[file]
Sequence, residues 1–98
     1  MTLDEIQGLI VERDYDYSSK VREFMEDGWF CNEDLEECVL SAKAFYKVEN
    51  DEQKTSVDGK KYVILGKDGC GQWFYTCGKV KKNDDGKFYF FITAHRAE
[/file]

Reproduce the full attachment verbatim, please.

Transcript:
Sequence, residues 1–98
     1  MTLDEIQGLI VERDYDYSSK VREFMEDGWF CNEDLEECVL SAKAFYKVEN
    51  DEQKTSVDGK KYVILGKDGC GQWFYTCGKV KKNDDGKFYF FITAHRAE